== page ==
Major Amendment Coming to German Cultural Heritage Protection Laws

Johann_Heinrich_Wilhelm_Tischbein_-_Goethe_in_the_Roman_Campagna_-_Google_Art_Project

Painting of German Literary Great Johann Wolfgang von Goethe by master painter Johann Heinrich Wilhelm Tischbein

The rumblings began this past Spring, when art critics around the world adamantly opposed a plan to redraft German Cultural Heritage Protection Laws under the guidance of Culture Minister Monika Grütters, who intended to make it much more difficult to sell German art that could be seen of significant cultural heritage value. According to a DW Magazine article, “The proposed legislation aims to scrutinize the sale of any artworks or artifacts valued at more than 150,000 euro ($164,000) and older the 50 years, intending to both stem the flow of the illegal sale of antiques and keep works in Germany which are considered ‘national treasures.'” The criticism was led by the “world’s most expensive living painter” and German native Gerhard Richter. Part of the efforts, according to the article, would include the integration of the 2014 European Union Convention on the Protection of Cultural Heritage into German Law.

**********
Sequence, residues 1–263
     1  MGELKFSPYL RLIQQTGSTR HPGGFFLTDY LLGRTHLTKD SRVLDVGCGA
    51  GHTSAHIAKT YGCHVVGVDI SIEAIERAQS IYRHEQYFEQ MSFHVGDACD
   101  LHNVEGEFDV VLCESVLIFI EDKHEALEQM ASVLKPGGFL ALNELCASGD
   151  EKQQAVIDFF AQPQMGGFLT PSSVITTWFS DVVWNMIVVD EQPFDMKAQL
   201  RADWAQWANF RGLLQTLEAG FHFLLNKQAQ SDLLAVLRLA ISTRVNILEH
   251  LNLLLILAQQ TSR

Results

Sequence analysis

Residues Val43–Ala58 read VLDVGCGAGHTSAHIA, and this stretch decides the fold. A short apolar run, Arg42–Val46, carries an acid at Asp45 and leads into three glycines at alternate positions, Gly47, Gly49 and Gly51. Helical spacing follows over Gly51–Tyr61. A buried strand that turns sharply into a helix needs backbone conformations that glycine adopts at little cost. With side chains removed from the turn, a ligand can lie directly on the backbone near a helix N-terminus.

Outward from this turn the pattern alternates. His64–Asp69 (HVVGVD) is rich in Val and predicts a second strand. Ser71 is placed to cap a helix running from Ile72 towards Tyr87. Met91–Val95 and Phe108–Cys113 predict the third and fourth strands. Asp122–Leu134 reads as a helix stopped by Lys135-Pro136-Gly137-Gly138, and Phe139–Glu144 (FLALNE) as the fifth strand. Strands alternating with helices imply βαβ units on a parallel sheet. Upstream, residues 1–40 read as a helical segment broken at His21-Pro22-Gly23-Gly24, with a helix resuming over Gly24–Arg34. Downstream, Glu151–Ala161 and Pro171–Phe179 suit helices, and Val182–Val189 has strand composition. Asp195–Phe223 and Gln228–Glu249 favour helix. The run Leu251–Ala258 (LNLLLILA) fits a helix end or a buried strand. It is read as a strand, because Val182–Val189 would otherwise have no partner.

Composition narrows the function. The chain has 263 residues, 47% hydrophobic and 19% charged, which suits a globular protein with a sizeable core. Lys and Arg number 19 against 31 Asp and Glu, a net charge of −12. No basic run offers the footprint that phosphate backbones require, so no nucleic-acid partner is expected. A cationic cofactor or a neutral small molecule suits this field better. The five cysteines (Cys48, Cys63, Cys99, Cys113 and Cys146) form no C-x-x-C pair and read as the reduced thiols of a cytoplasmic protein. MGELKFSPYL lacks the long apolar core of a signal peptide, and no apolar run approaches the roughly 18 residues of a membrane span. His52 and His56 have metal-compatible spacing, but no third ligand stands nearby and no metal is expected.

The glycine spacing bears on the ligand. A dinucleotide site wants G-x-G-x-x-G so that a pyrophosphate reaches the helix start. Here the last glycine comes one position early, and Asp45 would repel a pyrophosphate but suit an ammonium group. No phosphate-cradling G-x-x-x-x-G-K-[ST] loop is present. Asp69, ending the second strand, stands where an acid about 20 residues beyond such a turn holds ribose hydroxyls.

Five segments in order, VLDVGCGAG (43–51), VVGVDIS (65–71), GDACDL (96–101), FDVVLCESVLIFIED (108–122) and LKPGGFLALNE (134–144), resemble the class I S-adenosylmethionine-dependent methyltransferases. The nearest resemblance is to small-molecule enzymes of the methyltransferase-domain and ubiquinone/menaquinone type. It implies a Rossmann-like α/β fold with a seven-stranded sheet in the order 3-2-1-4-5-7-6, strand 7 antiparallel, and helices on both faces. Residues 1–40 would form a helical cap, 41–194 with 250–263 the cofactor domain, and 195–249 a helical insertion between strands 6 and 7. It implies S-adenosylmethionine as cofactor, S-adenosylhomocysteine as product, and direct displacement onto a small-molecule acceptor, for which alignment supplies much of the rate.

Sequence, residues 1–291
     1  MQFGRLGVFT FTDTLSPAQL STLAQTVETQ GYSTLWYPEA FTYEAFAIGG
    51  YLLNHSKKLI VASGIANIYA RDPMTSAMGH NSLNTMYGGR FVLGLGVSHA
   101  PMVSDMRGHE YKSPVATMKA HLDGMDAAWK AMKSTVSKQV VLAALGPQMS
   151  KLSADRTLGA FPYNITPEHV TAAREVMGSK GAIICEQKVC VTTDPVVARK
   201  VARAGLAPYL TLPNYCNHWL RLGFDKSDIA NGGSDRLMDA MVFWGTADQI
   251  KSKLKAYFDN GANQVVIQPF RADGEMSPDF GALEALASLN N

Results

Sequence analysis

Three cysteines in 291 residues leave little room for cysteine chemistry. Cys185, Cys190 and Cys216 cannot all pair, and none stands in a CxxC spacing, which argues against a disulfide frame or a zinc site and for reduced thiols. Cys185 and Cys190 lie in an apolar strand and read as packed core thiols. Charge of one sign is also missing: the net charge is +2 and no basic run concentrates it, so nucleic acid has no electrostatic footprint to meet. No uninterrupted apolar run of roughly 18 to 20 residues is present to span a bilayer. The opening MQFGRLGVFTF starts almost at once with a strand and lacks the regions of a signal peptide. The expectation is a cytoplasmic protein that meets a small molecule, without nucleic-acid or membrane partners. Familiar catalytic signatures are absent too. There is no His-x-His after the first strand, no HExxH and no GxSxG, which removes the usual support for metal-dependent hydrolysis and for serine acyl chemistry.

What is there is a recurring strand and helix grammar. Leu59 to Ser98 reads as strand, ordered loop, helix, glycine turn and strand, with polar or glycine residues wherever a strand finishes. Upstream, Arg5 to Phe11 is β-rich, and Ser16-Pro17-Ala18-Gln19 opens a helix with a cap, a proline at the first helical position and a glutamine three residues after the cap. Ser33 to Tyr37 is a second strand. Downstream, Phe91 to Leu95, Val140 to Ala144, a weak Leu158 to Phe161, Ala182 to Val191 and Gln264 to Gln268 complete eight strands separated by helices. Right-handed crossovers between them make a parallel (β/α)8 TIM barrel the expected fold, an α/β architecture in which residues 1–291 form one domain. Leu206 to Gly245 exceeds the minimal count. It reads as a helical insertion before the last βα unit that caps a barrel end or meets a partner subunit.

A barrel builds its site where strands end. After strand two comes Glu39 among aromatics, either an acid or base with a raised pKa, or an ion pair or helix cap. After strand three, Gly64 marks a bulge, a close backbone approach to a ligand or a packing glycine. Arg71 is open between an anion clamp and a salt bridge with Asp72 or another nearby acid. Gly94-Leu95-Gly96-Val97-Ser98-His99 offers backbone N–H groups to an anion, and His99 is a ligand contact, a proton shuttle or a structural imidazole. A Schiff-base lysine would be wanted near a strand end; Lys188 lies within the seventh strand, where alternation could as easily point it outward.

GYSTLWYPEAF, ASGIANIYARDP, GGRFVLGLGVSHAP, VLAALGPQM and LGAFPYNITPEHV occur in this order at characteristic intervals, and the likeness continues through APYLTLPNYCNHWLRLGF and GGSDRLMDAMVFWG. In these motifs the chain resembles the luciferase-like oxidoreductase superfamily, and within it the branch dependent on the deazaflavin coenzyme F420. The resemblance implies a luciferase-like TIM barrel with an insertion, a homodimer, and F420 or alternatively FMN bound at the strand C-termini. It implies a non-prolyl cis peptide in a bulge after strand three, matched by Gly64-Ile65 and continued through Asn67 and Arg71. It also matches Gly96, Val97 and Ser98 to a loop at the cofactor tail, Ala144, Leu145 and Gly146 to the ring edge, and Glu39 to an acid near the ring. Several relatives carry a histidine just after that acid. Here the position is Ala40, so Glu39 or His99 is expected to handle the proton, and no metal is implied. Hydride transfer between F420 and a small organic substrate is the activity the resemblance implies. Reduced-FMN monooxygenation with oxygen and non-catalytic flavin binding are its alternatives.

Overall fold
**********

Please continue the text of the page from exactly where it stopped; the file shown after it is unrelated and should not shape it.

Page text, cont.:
In response to the protests of the art community, including several artists withdrawing all their works from German museums as a caution against possible restrictive export laws, the draft bill was revised in September. According to Art Net, changes included that “Artworks traveling within the EU require an export permit if the works are older than 70 years and valued at over €300,000. The statement emphasized that the entire contemporary art segment is unaffected by these requirements,” and that “works by living artists may only be added to the list of nationally significant cultural goods with the artist’s permission.” The target for putting the law into place was early 2016 at that time.

Then this month, the German Federal cabinet approved the revision to the law. According to the Art Law Report, criticism from artists and art critics remain strong, although the bill is much more watered down than the original. While the sale of older works are still being restricted, the laws are inapplicable to either contemporary art works or living artists.

 

Leave a Reply

Your email address will not be published. Required fields are marked *